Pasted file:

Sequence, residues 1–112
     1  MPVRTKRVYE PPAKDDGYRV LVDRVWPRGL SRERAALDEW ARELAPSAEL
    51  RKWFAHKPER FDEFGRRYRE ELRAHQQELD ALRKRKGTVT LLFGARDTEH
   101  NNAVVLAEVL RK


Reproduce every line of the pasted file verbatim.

Sequence, residues 1–112
     1  MPVRTKRVYE PPAKDDGYRV LVDRVWPRGL SRERAALDEW ARELAPSAEL
    51  RKWFAHKPER FDEFGRRYRE ELRAHQQELD ALRKRKGTVT LLFGARDTEH
   101  NNAVVLAEVL RK